Segunda Caida

Phil Schneider, Eric Ritz, Matt D and occasional guests write about pro wrestling. Follow us @segundacaida

Saturday, August 17, 2019

WWE Big 3: Lorcan, Gallagher, Gulak 8/4-8/17

So we got thrown off schedule by none of these guys having a match one week, and then a TakeOver happening last week, so we doubled up the weeks to bring you KING SIZE post worthy of these badasses.

205 Live 8/6

Oney Lorcan vs. Jack Gallagher vs. Akira Tozawa vs. Kalisto vs. Ariya Daivari vs. Tony Nese

ER: WWE is usually as good or better than most companies at doing fast paced juniors multimans, but I don't think this one came off as natural or organic as their best ones. This one had a lot of guys shimmying into position and some of the set ups looked off, but with some of the guys involved obviously there was going to be some gold. This was all about getting Oney to Summerslam (in the first match on the pre show no doubt), and here he looked like a guy who should obviously be at Summerslam. This had the regular problems of multimans, where we would get a great spot followed almost immediately by some kind of gaffe. We got a tandem submission where Lorcan basically had to hold his legs in place while nobody was holding them, but the spots were all a bunch of fun. Kalisto took a nasty bump PAST the announce table when then other 5 chucked him, Daivari was a fun opportunist and Gallagher bumped huge for him into the barricade, we got a dive train where Lorcan's unhinged flip dive was the star (and as is a rule in multimans, 4-5 people were entirely unable to catch Nese or Gallagher on their dives), Gallagher wasted Nese with a headbutt (but terrible agenting meant that Nese kicked out of it when there were literally 4 guys who could have broken up this pin instead), Nese athletically stumbled through this whole thing and it would have been much more interesting as a 4 man, but the whole thing would make an excellent 4 minute highlight package and that's not nothing. The important thing is Oney looking like a star while keeping guys like Gallagher and Tozawa still strong enough, and I thought this match succeeded in that.

PAS: This was a bunch of fun, although pretty flawed. Nese Nese'd it up for parts of this, just flipping and flopping around and setting up his dance moves. But I liked everyone else in this. This type of match doesn't work to Gallagher's strengths, but he had some fun multiman spots, and took a couple of nasty bumps on his head: that German suplex into the turnbuckles was way too sick for a spot which didn't mean anything in the match. Davari was almost Buddy Landelish in his stooging and cheap shotting and Kalisto and Tozawa had fun flying spots and move with real grace. I agree with Eric that there was enough awkward stuff to stop this from being a highly recommended match, but I enjoyed watching it.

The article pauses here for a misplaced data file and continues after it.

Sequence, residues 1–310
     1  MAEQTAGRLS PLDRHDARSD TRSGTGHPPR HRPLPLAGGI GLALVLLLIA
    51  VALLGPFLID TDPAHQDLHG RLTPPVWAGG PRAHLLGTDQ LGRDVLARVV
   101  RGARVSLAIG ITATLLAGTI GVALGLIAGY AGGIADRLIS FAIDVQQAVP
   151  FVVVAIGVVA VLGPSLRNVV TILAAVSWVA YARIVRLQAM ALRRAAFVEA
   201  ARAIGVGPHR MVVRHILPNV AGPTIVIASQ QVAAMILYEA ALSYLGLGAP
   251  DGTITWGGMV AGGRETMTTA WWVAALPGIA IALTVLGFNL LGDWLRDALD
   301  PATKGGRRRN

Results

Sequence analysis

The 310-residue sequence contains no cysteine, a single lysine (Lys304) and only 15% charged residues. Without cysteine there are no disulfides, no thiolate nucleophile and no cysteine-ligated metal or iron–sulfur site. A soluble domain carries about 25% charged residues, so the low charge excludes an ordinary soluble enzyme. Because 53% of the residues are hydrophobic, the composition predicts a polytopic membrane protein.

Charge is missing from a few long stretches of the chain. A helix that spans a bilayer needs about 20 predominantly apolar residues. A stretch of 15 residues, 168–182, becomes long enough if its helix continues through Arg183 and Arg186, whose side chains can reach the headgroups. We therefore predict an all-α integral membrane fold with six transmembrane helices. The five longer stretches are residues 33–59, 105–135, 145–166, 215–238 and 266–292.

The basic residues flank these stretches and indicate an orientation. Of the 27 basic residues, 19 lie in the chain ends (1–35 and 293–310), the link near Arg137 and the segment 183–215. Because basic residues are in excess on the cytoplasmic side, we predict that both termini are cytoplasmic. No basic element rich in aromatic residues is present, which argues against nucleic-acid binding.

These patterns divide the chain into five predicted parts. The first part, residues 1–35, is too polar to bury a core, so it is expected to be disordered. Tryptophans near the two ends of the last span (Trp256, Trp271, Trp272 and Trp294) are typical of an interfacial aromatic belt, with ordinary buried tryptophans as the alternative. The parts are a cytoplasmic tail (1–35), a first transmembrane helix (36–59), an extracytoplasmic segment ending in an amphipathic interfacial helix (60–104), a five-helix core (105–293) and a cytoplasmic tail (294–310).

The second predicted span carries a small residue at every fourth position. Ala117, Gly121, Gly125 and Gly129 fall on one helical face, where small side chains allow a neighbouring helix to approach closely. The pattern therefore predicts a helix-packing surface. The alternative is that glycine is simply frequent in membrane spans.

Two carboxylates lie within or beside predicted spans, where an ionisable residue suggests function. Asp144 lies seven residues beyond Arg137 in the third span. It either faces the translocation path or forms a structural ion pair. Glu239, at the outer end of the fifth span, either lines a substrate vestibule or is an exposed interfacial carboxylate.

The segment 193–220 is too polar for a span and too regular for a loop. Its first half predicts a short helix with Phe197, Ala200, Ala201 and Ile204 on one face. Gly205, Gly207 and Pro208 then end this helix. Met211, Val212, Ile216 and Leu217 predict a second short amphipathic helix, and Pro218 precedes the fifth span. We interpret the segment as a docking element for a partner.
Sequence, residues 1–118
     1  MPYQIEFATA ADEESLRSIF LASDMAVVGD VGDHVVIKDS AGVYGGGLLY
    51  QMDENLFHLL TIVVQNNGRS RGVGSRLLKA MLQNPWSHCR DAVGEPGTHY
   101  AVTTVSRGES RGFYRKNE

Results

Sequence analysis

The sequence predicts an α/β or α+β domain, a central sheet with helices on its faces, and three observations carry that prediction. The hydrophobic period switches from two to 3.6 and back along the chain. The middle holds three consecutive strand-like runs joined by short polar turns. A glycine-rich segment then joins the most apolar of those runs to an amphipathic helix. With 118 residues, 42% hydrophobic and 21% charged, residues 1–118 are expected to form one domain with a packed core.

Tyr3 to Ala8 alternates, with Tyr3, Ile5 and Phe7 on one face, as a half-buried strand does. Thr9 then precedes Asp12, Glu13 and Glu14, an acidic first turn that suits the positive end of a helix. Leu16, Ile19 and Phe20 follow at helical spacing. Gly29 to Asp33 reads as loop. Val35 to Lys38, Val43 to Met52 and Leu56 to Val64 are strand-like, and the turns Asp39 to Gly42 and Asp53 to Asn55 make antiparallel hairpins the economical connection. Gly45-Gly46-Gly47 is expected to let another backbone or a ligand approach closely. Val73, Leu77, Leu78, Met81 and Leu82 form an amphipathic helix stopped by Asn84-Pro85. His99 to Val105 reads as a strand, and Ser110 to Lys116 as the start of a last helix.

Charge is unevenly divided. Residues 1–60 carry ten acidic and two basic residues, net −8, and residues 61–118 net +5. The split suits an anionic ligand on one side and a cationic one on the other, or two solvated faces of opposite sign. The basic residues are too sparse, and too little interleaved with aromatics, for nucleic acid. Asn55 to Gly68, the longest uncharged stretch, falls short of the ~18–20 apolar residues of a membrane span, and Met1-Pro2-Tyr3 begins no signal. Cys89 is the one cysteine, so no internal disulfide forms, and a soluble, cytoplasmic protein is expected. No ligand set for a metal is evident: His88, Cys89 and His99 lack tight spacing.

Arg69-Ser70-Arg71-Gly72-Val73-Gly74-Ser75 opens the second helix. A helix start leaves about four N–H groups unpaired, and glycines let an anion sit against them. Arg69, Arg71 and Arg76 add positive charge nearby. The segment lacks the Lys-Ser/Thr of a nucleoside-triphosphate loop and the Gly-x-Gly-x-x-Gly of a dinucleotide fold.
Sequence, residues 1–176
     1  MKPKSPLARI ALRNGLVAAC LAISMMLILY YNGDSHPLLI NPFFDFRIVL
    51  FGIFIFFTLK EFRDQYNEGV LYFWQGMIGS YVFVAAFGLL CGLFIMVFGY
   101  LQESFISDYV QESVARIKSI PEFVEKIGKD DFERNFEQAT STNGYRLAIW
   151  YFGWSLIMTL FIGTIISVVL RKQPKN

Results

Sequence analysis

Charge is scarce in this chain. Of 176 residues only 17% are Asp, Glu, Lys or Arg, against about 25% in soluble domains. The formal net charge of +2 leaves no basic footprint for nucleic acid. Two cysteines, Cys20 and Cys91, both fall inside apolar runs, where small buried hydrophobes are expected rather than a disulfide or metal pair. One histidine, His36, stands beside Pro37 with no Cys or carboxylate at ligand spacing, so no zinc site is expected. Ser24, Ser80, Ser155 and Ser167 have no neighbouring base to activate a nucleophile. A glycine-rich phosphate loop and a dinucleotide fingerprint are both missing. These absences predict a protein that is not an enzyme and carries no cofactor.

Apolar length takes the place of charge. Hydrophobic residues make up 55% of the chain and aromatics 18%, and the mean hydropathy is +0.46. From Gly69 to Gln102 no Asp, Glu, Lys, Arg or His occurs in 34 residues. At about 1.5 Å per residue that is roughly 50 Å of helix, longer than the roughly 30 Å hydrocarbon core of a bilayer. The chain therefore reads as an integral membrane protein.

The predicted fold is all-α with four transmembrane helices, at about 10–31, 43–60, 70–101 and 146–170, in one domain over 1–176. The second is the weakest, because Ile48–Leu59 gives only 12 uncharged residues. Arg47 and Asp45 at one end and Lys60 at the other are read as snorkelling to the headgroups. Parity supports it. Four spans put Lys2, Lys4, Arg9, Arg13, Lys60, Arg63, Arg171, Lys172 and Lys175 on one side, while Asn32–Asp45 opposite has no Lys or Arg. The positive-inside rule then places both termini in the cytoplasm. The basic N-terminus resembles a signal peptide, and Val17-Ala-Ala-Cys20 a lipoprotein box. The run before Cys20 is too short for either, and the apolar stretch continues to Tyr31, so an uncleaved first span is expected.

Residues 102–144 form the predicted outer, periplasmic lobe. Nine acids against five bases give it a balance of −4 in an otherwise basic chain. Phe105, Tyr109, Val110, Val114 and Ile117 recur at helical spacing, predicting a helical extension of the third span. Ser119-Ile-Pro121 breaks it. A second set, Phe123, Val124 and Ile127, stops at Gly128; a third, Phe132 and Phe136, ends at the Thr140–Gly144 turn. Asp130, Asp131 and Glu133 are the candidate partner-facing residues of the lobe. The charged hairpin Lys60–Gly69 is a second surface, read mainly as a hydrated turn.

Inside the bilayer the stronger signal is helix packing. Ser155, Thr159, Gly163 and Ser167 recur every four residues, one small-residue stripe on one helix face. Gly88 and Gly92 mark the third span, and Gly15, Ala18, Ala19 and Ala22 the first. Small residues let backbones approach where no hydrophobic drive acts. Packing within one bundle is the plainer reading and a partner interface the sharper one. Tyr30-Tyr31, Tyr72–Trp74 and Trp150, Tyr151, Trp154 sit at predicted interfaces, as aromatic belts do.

Summerslam 8/11

42. Drew Gulak vs. Oney Lorcan

ER: Yes sir. This was what got me excited for this card. And there is nothing else that can happen on this card that will take this match away from me. This ruled, and was a killer showcase for both men. We were so excited seeing TAKA Michinoku doing quebradas on WWF TV 20 years ago, so excited for cruiserweight wrestling on our TVs, and now we have evolved to TV cruiserweight wrestling being two guys ripping at beards and punching throats. Look at the things we as a people can do. This was an unhurried unsanitized version of what these two can do, and it got to happen on (the undercard of) one of the biggest shows of the year, and that's a very cool thing. It was a tidy 9 minutes filled with a dozen cool ideas, and just made me want to see them match up a dozen more times. Gulak slams Lorcan into the ropes in a flat out sinister way, and is practically inventing cruel subs to try to trap him in. Lorcan's aggression is his double edged sword. He flies into everything with abandon, which allowed him to come so close to beating Gulak, but it also meant he lost to Gulak. These guys made me buy into everything they did, moves had consequences, actions lead to finishes. Gulak took on the persona of a big brother who picked on his little brother too long and accidentally pushed him over the edge, and it was great. The look on Gulak's face as Lorcan is grabbing him by the fucking beard and muzzle and slapping him was classic. Both read naked choke spots were great, with the first looking like a genuine finish as Lorcan is not close to the ropes, and Gulak drags the arm closest to the ropes back across Lorcan's throat. That they went back to it soon after and created an organic Lorcan false win showed they understand their characters and the match they were having 100%. I loved Lorcan flipping out of that rear naked and almost getting the "fluke" pin, everything they had done made that finish an absolute possibility. Lorcan's flying uppercuts are a thing of beauty, and I'm not sure I've seen someone just lean into them standing the way Gulak did. It's one of those spots that somehow made both men look tougher, Lorcan flying into Gulak and Gulak absorbing the shots but refusing to show ass. And the finish was great, with Gulak being drug into the ring holding onto the ring skirt for dead life, then at the earliest opening just punching Lorcan in the throat and hitting the neckbreaker. Lorcan's sell of his throat was palpable, and I just want to see these guys continue to crush every opportunity they're given.